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6. Sm. Ah, indeed! Well, I like that idea; for it shows the right kind of public spirit.
7. Ch. We have also decided that the best location for such an improvement will be in that part of the city.
8. Sm. That is my opinion, decidedly.
9. Ch. Will you sell us the required number of acres?
10. Sm. That will depend somewhat upon the particular spot where you desire to locate the park.
11. Ch. The Committee are instructed to negotiate for what lies between the two proposed streets running north from Main Street .
12. Sm. [Promptly.] The very place where I have decided to erect four rows of dwellings!
13. Ch. It is too far out of the city for that, is it not?
14. Sm. O Jio, not a rod too far. The city is rapidly growing in that direction. I have only to put up the dwellings referred to, and dozens will be anxious to purchase lots, and build all around them. Will not the ground to the left of that you speak of do as well?
15. Ch. We were directed to purchase this piece, if we could; and we do not feel authorized to go beyond our instructions. But if you are not willing to sell it, we will waste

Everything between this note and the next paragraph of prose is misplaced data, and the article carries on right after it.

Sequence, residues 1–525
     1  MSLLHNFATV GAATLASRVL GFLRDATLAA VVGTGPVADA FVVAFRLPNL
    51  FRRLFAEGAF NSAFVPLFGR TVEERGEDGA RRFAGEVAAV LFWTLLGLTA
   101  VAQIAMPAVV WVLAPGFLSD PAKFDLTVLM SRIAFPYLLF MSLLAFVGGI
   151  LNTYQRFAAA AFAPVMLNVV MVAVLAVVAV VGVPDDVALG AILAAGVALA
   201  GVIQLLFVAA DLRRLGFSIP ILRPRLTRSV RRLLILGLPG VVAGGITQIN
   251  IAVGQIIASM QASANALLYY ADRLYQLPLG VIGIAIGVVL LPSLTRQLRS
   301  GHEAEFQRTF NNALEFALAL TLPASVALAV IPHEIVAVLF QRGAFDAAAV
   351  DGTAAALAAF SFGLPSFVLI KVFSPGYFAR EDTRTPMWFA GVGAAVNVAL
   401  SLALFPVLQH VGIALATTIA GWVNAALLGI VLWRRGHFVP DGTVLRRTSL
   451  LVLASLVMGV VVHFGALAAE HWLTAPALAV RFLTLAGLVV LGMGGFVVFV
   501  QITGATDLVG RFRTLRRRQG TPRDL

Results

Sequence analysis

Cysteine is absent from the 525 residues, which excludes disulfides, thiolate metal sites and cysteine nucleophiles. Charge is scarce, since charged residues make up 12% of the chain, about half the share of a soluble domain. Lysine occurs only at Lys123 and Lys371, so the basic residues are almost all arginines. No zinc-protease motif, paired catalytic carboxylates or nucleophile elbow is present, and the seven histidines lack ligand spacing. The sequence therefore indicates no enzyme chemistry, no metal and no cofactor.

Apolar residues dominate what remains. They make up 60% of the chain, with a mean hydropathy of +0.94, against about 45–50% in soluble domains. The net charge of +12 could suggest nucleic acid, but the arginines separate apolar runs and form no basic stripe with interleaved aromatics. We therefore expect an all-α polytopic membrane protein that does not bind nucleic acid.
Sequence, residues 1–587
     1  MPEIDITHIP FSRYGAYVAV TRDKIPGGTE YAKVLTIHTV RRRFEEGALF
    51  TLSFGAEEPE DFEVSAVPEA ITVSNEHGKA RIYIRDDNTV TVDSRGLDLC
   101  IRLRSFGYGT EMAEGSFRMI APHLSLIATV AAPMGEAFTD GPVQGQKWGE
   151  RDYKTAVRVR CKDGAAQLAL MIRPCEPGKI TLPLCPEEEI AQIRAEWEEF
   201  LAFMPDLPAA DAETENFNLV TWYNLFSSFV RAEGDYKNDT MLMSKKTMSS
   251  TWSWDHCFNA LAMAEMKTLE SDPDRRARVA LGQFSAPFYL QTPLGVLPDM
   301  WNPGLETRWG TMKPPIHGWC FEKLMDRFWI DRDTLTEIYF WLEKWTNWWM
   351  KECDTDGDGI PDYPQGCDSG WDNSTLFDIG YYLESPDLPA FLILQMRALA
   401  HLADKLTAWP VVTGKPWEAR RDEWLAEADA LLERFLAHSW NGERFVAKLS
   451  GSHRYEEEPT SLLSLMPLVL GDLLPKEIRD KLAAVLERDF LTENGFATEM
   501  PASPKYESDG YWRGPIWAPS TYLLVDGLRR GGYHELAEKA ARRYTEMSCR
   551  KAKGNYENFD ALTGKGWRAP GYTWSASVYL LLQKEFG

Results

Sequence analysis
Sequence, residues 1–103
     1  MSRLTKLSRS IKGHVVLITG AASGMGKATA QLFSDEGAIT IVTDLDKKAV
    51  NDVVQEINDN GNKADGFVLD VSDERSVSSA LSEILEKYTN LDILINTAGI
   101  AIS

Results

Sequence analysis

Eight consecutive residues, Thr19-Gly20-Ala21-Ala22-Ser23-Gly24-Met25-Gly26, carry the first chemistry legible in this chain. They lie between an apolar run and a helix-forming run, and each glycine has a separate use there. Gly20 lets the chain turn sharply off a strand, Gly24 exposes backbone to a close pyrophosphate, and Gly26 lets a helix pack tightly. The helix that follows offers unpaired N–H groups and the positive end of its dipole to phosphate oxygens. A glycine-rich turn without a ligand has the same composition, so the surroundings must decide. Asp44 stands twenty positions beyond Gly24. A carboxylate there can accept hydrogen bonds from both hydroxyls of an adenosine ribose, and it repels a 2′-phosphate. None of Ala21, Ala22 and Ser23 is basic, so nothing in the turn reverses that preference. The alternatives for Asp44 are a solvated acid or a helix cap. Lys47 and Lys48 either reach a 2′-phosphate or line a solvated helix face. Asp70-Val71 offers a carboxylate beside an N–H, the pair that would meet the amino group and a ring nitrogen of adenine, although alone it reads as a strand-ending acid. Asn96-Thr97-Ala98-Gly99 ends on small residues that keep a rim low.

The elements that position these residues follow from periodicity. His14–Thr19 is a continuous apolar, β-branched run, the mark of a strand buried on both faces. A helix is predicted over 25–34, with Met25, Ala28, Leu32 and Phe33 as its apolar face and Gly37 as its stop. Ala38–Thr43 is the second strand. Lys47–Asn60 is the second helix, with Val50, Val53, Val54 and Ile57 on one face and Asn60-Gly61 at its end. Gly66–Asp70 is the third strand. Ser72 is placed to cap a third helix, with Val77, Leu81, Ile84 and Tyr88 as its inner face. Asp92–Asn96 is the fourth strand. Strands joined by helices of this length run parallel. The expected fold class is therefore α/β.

no more Words about it. [Chairman rises to leave.]
16. Sm. Stop a moment. I do not know but I might be persuaded to part with the piece you want, provided I could get what it is worth.
17. Ch. Very well, sir. What is your price for it?
18. Sm. [After hesitating some time.] I must have a good price
19. Ch. Certainly; we are willing to pay what is fair and right .
20. Sm. Of course. No doubt you have fixed a limit to which you will go.
21. Ch. We are not absolutely restricted in that respect.
22. Sm. Are you prepared to make an offer?
23. Ch. We are prepared to hear your price and report thereon.
24. Sm. That's a very valuable lot of ground.
25. Ch. [impatiently.] Will you name your price?
26. Sm. [After thinking awhile.] One thousand dollars per acre.
27. Ch. We should not feel warranted to pay such a price as that. Good day, sir.
28. Sm. I am afraid the Committee will not purchase the land. I wish I had been a little easier in my terms. I would rather take half that sum than not sell it, for I have some heavy payments to make in a few weeks; and I must sell some land to meet them.
29. But I can not afford to furnish a beautiful park for the city for nothing. Besides, I think they will^ finally come up to my price. At all events, an article is always worth what it will bring.
[Enter Mr. Weston.]
30. Weston. I hear that the Committee had the subject of a public square under consideration again this morning.
31. Sm. [Muchdelighted.] Indeed! I hope they concluded to buy one.